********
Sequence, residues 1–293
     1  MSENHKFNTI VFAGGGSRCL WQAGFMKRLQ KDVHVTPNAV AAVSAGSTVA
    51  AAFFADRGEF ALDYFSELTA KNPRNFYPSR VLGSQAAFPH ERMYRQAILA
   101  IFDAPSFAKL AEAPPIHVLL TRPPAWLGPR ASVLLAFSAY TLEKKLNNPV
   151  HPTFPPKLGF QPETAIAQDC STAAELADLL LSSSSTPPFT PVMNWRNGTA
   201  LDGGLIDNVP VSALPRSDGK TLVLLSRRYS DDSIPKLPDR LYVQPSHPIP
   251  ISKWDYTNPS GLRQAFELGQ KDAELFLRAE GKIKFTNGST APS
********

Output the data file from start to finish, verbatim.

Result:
Sequence, residues 1–293
     1  MSENHKFNTI VFAGGGSRCL WQAGFMKRLQ KDVHVTPNAV AAVSAGSTVA
    51  AAFFADRGEF ALDYFSELTA KNPRNFYPSR VLGSQAAFPH ERMYRQAILA
   101  IFDAPSFAKL AEAPPIHVLL TRPPAWLGPR ASVLLAFSAY TLEKKLNNPV
   151  HPTFPPKLGF QPETAIAQDC STAAELADLL LSSSSTPPFT PVMNWRNGTA
   201  LDGGLIDNVP VSALPRSDGK TLVLLSRRYS DDSIPKLPDR LYVQPSHPIP
   251  ISKWDYTNPS GLRQAFELGQ KDAELFLRAE GKIKFTNGST APS